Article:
Moon Mullican – Laying Pipe All Day

Posted by & filed under rock nyc.

There are several theories on how he received that name; the most common belief was that it was shorthand for “Moonshine.” He was billed as the King of the Hillbilly Piano Players, but Moon Mullican was a key link in the transition from Western swing music to honky-tonk and then on to rock ‘n’ roll.

Steve Crawford’s Top 25 Songs of 2013

Posted by & filed under rock nyc.

I’m sure I’ll discover more songs from 2013 that would displace some of these entries, but this is a solid list. If you haven’t heard “City Swan” by Neko Case or “Turn the Radio On” by the Suburbs, I highly recommend you check them out. Also, the entire Christianity meets old school funk album by the Relatives is a wah-wah pedal, fuzztone gas.

Robert Hilburn's "Johnny Cash: The Life" Reviewed

Posted by & filed under Books.

It’s all well and good that Cash was admired by Bob Dylan and Tom Petty and Bono and various rock critics and was a peer of Elvis and Jerry Lee and Carl Perkins. However, it’s somewhat mystifying that Hilburn would rely on third party quotes and recognition instead of trying to define the gravitas of Cash in his own voice.

Let’s Have a Good Cry – A Dozen Weeper Keepers

Posted by & filed under Lists.

On Thursday afternoons, rock nyc has its“Good Cry” meeting, where we discuss our lost loves, crushed dreams, and any terminal illnesses we might have. I once excitedly started the meeting by stating that my son had aced his college final in International Relations and Helen Bach backhanded me from Manhattan to Brooklyn. My jaw hurt, but the pizza was still good

The Rock and Roll Hall of Fame – Begging for Irrelevance

Posted by & filed under rock nyc.

As the RRHOF becomes more desperate for repeated visitors to their Cleveland pyramid and their online gift shop, the lowest common denominator will continue to define cultural excellence. At the 2023 induction ceremony, P. Diddy will strut across the stage and proclaim repeatedly with great bravado that, “It’s all about the Benjamins!”

The 100 Best Songs of the 1990s

Posted by & filed under rock nyc.

Lester’s vision of cultural atomization became a reality in the 1990s, as audiences segmented into different genres/sub-genres and fewer artists impacted mass culture as a whole. Therefore, everyone’s ‘90s list will be radically different

Thirteen from ‘13

Posted by & filed under rock nyc.

he provides support to a friend and potential love interest that dies prematurely of cancer. Not the feel good hit of the summer, but the wallop is devastating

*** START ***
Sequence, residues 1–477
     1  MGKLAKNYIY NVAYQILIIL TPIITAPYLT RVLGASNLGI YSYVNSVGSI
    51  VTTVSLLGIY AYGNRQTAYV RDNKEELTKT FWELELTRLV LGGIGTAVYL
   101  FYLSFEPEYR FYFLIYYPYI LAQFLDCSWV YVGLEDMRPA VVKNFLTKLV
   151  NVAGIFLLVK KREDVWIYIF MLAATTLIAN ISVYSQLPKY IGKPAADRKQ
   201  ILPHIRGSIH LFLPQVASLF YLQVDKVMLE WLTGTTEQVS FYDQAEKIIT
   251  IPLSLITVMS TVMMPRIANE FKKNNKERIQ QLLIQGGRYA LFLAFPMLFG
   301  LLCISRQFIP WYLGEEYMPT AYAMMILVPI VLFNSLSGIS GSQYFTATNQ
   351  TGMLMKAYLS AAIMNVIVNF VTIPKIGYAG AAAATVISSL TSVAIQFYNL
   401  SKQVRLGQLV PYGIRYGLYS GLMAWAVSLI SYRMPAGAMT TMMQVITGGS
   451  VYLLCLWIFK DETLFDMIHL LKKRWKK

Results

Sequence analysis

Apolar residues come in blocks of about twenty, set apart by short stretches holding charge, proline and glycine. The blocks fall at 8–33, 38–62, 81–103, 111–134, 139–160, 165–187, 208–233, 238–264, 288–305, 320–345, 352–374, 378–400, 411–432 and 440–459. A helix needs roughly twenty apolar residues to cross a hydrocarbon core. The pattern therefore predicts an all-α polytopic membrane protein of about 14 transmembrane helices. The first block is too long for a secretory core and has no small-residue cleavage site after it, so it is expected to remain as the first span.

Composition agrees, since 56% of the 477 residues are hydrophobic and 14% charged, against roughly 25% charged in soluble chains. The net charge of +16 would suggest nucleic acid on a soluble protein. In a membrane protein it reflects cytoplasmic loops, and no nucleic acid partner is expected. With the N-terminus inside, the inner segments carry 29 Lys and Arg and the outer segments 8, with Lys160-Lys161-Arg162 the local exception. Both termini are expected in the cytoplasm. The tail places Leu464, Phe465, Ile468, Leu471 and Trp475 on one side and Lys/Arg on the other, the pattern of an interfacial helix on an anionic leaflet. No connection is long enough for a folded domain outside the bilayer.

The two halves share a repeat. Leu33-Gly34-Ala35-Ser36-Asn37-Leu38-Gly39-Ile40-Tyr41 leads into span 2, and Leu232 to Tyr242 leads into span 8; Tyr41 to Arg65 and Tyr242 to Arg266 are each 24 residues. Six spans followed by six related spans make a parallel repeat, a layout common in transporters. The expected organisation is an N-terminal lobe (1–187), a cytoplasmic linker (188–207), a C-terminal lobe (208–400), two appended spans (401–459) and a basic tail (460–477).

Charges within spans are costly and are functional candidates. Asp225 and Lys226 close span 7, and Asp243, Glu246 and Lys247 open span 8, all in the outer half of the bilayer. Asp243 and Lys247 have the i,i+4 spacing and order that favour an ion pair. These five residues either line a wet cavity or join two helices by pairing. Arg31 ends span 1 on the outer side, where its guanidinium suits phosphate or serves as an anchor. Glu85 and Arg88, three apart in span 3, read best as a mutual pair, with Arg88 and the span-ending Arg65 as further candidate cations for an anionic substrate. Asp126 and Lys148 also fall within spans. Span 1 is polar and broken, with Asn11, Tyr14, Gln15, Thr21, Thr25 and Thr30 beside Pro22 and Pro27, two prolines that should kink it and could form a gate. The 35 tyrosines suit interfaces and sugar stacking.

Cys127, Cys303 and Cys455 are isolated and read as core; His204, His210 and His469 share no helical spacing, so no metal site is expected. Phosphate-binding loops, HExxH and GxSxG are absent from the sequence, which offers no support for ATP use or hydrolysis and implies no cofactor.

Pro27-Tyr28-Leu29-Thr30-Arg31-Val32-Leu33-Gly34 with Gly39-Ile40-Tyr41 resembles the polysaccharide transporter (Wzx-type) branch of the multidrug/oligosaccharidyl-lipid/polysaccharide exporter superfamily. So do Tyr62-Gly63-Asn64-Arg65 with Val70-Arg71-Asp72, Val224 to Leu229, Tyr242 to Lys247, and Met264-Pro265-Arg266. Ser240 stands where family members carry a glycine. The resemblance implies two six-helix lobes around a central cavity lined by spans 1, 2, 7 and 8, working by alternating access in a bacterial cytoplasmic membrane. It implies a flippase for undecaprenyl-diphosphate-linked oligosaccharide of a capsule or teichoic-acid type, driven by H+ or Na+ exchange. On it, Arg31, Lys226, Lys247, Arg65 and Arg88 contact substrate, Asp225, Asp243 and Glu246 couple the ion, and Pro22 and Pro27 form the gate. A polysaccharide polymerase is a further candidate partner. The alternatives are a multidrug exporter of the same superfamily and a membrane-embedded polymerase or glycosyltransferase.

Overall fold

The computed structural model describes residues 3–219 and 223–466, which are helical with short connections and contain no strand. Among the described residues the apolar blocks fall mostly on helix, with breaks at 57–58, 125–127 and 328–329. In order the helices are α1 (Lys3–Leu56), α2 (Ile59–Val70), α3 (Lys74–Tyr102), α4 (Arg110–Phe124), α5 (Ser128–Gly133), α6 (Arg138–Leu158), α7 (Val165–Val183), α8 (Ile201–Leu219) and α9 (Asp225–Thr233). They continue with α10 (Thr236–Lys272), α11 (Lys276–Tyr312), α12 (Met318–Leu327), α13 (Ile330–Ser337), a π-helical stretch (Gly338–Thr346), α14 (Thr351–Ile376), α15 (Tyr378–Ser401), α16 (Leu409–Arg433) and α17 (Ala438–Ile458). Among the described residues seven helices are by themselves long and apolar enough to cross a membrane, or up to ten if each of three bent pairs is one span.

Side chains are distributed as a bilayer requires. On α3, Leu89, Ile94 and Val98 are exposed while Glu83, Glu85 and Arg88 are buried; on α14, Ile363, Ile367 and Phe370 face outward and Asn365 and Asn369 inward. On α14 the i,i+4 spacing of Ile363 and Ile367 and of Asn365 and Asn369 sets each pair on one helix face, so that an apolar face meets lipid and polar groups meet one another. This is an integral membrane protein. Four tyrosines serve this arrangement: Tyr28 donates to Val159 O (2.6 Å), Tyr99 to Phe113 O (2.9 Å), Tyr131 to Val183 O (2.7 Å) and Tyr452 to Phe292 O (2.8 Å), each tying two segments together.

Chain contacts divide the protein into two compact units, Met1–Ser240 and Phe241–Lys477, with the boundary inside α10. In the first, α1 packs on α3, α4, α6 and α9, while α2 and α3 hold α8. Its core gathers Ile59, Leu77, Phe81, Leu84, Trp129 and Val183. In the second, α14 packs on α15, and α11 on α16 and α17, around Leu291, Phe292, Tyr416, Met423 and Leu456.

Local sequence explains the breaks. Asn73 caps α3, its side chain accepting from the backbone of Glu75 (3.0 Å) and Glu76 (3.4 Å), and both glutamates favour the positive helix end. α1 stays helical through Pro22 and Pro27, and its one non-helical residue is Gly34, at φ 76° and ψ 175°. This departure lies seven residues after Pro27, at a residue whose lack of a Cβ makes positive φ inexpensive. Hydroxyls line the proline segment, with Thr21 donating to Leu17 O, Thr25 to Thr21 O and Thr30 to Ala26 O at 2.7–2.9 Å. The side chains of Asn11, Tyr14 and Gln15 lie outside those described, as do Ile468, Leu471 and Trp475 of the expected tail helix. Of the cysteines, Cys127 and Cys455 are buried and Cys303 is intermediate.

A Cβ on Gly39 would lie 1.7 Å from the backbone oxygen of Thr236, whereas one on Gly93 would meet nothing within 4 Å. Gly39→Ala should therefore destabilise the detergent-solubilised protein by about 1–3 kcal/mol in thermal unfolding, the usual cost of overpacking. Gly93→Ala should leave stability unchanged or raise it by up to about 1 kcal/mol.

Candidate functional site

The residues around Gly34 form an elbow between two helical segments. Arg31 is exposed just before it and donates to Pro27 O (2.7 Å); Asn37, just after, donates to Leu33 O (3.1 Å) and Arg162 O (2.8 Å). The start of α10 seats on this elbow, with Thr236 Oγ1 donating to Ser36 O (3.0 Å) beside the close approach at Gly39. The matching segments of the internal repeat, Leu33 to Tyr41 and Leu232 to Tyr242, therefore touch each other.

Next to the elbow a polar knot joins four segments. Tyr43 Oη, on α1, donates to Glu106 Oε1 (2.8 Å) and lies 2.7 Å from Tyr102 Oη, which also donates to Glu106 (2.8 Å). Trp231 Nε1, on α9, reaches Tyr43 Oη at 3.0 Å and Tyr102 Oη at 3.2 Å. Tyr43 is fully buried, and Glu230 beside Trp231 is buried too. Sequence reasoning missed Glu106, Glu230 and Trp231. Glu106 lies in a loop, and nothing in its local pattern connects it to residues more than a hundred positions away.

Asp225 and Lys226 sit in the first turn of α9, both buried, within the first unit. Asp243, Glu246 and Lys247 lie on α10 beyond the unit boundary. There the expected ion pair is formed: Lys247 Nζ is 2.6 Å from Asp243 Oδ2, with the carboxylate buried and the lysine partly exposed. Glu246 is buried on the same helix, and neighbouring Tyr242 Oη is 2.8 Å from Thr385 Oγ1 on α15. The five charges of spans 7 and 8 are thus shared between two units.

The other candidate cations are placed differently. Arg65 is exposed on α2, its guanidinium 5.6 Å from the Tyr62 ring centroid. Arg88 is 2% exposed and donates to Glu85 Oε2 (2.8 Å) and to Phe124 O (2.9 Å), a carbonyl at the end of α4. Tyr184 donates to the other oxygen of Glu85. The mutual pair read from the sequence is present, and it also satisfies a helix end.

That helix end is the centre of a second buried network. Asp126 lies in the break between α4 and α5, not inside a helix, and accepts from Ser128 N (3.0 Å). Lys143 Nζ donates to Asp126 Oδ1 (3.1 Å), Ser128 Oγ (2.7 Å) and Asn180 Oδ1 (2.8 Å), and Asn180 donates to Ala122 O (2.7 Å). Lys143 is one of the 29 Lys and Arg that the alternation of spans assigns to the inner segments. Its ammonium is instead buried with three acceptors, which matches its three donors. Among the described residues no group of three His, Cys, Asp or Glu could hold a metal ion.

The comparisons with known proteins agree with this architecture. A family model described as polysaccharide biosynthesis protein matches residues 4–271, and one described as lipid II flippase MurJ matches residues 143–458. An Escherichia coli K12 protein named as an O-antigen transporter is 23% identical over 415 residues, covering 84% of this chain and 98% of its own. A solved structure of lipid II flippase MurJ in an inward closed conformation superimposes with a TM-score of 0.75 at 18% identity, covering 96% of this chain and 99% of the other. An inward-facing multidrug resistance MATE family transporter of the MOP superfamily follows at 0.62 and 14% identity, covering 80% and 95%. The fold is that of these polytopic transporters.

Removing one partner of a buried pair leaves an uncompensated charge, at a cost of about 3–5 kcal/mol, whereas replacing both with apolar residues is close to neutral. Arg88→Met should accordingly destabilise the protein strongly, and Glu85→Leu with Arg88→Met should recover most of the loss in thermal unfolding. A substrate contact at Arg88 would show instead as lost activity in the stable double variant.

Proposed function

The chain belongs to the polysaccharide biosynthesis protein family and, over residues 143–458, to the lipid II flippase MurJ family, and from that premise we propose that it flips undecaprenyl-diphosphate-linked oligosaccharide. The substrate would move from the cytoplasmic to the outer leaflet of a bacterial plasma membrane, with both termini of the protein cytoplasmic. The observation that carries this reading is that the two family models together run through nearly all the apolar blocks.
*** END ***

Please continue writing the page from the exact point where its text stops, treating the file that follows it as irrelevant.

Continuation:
The 100 Best Songs of the 1980s

Posted by & filed under rock nyc.

By cherry picking the goodies, we can appreciate what Prince and Michael Jackson and Bruce Springsteen did for the mainstream, while Husker Du and R.E.M. and the Replacements gave hope to the left of the dial listeners.

100 Greatest Songs of the '70s

Posted by & filed under rock nyc.

The ’70s were a long time ago. Here are the 100 best songs of the decade. Song #87 was also one of the most popular songs of 2013. I do not know why I am typing sentences like Hemingway wrote in “A Farewell to Arms.” I will stop now.

The 100 Greatest Songs of the 1960s

Posted by & filed under rock nyc.

The 1960s were a rich era in popular music and one could easily list 500 outstanding songs from that decade. Bob Dylan and The Beatles created musical templates that others have followed ever since, while Stax, Motown, and Muscle Shoals provided ample competition against the British invasion.

The 159 Greatest Songs of the 1950s

Posted by & filed under Lists.

Reflecting the diversity of the era, there are entries by Nat King Cole, Frank Sinatra, Muddy Waters, and Hank Williams. Elvis Presley deservedly owned the era commercially and artistically, but one Charles Edward Anderson Berry could play a guitar just like a ringing the bell.

The 25 Greatest Country Songs of the 90s

Posted by & filed under rock nyc.

As rap and grunge music became more popular in the early ‘90s, a large white audience shifted away from Top 40 and contemporary rock music toward country radio. Nobody benefited more from this than Garth Brooks. As the decade went on, hit machines like Faith Hill and Shania Twain sounded more like pop stars than traditional Nashville acts

The 30 Greatest Country Songs of the 1950s

Posted by & filed under Lists.

The Board of Directors at rock nyc typically restricts these lists to 25 songs, but I pushed this list to thirty so I wouldn’t have to artificially limit the number of Hank Williams entries. I have enough to explain to St. Peter without adding that oversight to my resume. OK, let’s start drinking and cheating, 1950s style.

The 25 Greatest Country Songs of the 80s

Posted by & filed under rock nyc.

Nobody would argue that the 1980s was a classic era for country music – the genre was filled with middle of the road soft dreck and popsickle production values. John Anderson embodied the hard country aesthetic at the beginning of the ‘80s and Randy Travis carried the banner at the decade’s end. Steve Earle and Rosanne Cash helped us through the tough times